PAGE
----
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Gamboa, hole in one

Under Reserve features fact-checked news written by journalists and contributors to EL UNIVERSAL
Emilio Gamboa, coordinator of PRI senators – File photo/EL UNIVERSAL
Mexico City
OPINION: Under Reserve
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Gamboa, hole in one

At the offices of several members of the Presidential cabinet, close to Mexican President Enrique Peña Nieto, the news of the resignation of the Attorney General, Raúl Cervantes, was delivered by the media. We're told a very reduced number of the inner circle of the President and a handful of others close to Mr. Raúl already knew what would become a headline later on. Among those privileged few was the coordinator of the Institutional Revolutionary Party (PRI) senators, Emilio Gamboa. He was given the heads up during a Sunday work meeting with the President, an exclusivity he took advantage of to play a golf game with Peña Nieto. No one doubts Gamboa is privy to classified information – he uncovered the four aspiring presidential candidates of the party, after all. Those who know him know he would've never said those names without some solid ground.

A citizen's touch to the Front

We're told that this week, the leaderships of the National Action Party (PAN), the Democratic Revolution Party (PRD), and the Citizen's Movement (MC), led by Ricardo Anaya, Alejandra Barrales, and Dante Delgado, respectively, will launch their plan to add a citizen's touch to the Citizen's Front for Mexico. The idea, we're told, is to gather proposals from the civil society to include them in the project for the 2018 General Elections. We've been told that though civil associations they will organize forums to have the citizen's touch to justify the Front has the support of those who don't believe in political parties – although, perhaps, the national leaders need to listen to the voices of scholars and members of the civil society, who are claiming the true opportunity of the Front lies in the representation of a citizen who has never been member of a political party. Such an important decision, they argue, would help the people to see the Front in a different and innovative light, and may even set in on an unstoppable course.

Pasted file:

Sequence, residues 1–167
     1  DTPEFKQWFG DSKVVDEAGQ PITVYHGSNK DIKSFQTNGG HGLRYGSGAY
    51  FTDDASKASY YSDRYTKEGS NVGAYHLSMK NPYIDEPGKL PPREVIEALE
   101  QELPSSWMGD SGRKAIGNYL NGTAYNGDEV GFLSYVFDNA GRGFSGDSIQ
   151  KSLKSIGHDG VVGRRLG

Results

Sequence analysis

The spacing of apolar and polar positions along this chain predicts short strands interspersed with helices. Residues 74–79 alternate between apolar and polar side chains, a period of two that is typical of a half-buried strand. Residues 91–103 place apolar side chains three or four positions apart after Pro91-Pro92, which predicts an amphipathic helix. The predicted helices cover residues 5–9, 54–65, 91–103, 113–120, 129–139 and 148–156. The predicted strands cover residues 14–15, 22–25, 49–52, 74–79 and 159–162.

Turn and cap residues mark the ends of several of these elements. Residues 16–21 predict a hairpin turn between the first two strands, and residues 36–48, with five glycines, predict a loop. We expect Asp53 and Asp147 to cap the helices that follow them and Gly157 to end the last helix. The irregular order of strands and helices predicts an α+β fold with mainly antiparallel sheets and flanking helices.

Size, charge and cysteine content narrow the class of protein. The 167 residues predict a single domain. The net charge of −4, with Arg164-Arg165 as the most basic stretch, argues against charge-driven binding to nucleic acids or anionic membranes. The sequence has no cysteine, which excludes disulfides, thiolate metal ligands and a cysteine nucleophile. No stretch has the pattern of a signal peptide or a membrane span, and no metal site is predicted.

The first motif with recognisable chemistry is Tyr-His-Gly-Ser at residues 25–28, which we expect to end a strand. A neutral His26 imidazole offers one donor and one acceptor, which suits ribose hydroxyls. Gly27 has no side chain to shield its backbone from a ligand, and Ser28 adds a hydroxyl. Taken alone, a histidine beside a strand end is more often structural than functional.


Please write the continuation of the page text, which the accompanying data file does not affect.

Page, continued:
Independents go back to school

Independent candidates will have to go back to school, in addition to receiving online tutorials and virtual guidance so their crew is capable gather the support signatures. The National Electoral Institute invited them to attend an express training course on their obligations. We're told the objective is to avoid irregularities during the signature gathering. In this course, the trainers will have to remind independent candidates have a limit of resources they need to comply with, and that mid-March the candidates will have to present a report on their expenditures, lest they aren't included on the ballot. So far, we ignore if Margarita Zavala, Governor Jaime “El Bronco” Rodríguez, and the other wistful aspirants will personally attend the invitation.

So long, SCT building

The 2,500 employees of the Ministry of Communications and Transportation (SCT), led by Gerardo Ruíz Esparza, will never return to their office building – the headquarters of the Ministry, located in University Avenue, Xola, and Eje Central. We're told the earthquake of 1985, and now of 2017, have rendered it inhabitable for once and for all. At the moment, Mr. Gerardo's team is working on two main issues: relocating the public servants who worked at HQ, and restoring the murals of José Chávez, Juan O'Gorman, Arturo Estada, and Rosendo Soto. On the matter of the cultural heritage, experts have talked about carefully removing the six-square meter blocks to be relocated. At the moment, the idea is to keep the plot so the new offices of the SCT can be built there.


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